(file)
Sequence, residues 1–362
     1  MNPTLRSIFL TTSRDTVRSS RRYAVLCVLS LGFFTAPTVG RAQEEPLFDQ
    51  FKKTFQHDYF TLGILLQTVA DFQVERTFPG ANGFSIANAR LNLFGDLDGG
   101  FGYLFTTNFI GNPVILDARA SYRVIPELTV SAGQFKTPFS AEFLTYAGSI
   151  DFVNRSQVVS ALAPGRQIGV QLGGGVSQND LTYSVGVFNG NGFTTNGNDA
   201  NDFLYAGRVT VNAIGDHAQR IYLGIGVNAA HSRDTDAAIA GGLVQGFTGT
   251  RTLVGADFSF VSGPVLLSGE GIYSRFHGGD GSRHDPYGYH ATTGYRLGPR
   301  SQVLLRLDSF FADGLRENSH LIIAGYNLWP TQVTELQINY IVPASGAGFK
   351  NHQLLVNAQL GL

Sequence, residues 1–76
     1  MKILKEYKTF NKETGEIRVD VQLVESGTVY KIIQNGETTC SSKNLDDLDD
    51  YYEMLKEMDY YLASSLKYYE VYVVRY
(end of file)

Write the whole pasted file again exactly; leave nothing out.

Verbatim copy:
Sequence, residues 1–362
     1  MNPTLRSIFL TTSRDTVRSS RRYAVLCVLS LGFFTAPTVG RAQEEPLFDQ
    51  FKKTFQHDYF TLGILLQTVA DFQVERTFPG ANGFSIANAR LNLFGDLDGG
   101  FGYLFTTNFI GNPVILDARA SYRVIPELTV SAGQFKTPFS AEFLTYAGSI
   151  DFVNRSQVVS ALAPGRQIGV QLGGGVSQND LTYSVGVFNG NGFTTNGNDA
   201  NDFLYAGRVT VNAIGDHAQR IYLGIGVNAA HSRDTDAAIA GGLVQGFTGT
   251  RTLVGADFSF VSGPVLLSGE GIYSRFHGGD GSRHDPYGYH ATTGYRLGPR
   301  SQVLLRLDSF FADGLRENSH LIIAGYNLWP TQVTELQINY IVPASGAGFK
   351  NHQLLVNAQL GL

Sequence, residues 1–76
     1  MKILKEYKTF NKETGEIRVD VQLVESGTVY KIIQNGETTC SSKNLDDLDD
    51  YYEMLKEMDY YLASSLKYYE VYVVRY